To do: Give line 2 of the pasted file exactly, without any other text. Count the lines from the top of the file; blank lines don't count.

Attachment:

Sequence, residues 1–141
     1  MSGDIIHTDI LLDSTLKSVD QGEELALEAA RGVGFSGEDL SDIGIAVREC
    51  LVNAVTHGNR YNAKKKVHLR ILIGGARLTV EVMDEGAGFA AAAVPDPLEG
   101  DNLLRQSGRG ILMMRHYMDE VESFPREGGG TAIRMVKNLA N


     1  MSGDIIHTDI LLDSTLKSVD QGEELALEAA RGVGFSGEDL SDIGIAVREC